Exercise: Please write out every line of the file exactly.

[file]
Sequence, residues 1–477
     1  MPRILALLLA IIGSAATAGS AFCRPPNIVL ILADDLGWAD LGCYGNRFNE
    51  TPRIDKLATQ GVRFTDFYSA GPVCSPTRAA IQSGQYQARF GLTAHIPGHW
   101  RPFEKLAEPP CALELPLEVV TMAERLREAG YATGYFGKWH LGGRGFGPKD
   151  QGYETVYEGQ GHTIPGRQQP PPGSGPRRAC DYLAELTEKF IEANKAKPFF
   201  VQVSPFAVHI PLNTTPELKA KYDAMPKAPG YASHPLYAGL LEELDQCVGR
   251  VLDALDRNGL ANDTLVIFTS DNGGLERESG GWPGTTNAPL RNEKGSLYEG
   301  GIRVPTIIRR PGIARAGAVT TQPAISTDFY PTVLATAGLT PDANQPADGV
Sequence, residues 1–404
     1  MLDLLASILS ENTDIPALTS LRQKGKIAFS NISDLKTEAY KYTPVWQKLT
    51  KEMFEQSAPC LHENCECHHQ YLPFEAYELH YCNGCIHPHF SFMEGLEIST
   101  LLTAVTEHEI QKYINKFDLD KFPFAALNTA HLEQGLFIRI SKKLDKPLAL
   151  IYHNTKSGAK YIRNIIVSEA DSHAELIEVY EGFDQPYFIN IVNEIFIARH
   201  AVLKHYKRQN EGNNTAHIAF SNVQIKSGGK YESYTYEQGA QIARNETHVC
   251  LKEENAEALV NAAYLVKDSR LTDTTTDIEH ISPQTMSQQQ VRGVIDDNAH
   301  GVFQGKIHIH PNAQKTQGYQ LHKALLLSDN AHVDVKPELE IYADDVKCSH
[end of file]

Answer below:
Sequence, residues 1–477
     1  MPRILALLLA IIGSAATAGS AFCRPPNIVL ILADDLGWAD LGCYGNRFNE
    51  TPRIDKLATQ GVRFTDFYSA GPVCSPTRAA IQSGQYQARF GLTAHIPGHW
   101  RPFEKLAEPP CALELPLEVV TMAERLREAG YATGYFGKWH LGGRGFGPKD
   151  QGYETVYEGQ GHTIPGRQQP PPGSGPRRAC DYLAELTEKF IEANKAKPFF
   201  VQVSPFAVHI PLNTTPELKA KYDAMPKAPG YASHPLYAGL LEELDQCVGR
   251  VLDALDRNGL ANDTLVIFTS DNGGLERESG GWPGTTNAPL RNEKGSLYEG
   301  GIRVPTIIRR PGIARAGAVT TQPAISTDFY PTVLATAGLT PDANQPADGV
Sequence, residues 1–404
     1  MLDLLASILS ENTDIPALTS LRQKGKIAFS NISDLKTEAY KYTPVWQKLT
    51  KEMFEQSAPC LHENCECHHQ YLPFEAYELH YCNGCIHPHF SFMEGLEIST
   101  LLTAVTEHEI QKYINKFDLD KFPFAALNTA HLEQGLFIRI SKKLDKPLAL
   151  IYHNTKSGAK YIRNIIVSEA DSHAELIEVY EGFDQPYFIN IVNEIFIARH
   201  AVLKHYKRQN EGNNTAHIAF SNVQIKSGGK YESYTYEQGA QIARNETHVC
   251  LKEENAEALV NAAYLVKDSR LTDTTTDIEH ISPQTMSQQQ VRGVIDDNAH
   301  GVFQGKIHIH PNAQKTQGYQ LHKALLLSDN AHVDVKPELE IYADDVKCSH